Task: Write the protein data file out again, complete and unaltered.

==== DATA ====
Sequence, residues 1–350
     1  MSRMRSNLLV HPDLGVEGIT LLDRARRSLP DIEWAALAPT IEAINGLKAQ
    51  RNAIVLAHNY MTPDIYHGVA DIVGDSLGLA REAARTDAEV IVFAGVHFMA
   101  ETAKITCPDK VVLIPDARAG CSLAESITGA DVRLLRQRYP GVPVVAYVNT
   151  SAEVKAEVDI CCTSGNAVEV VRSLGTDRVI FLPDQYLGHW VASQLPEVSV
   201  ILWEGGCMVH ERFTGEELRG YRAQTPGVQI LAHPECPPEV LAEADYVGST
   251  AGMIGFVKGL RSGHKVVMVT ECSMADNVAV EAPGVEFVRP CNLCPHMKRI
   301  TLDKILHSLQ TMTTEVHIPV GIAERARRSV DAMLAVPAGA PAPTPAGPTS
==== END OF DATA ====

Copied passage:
Sequence, residues 1–350
     1  MSRMRSNLLV HPDLGVEGIT LLDRARRSLP DIEWAALAPT IEAINGLKAQ
    51  RNAIVLAHNY MTPDIYHGVA DIVGDSLGLA REAARTDAEV IVFAGVHFMA
   101  ETAKITCPDK VVLIPDARAG CSLAESITGA DVRLLRQRYP GVPVVAYVNT
   151  SAEVKAEVDI CCTSGNAVEV VRSLGTDRVI FLPDQYLGHW VASQLPEVSV
   201  ILWEGGCMVH ERFTGEELRG YRAQTPGVQI LAHPECPPEV LAEADYVGST
   251  AGMIGFVKGL RSGHKVVMVT ECSMADNVAV EAPGVEFVRP CNLCPHMKRI
   301  TLDKILHSLQ TMTTEVHIPV GIAERARRSV DAMLAVPAGA PAPTPAGPTS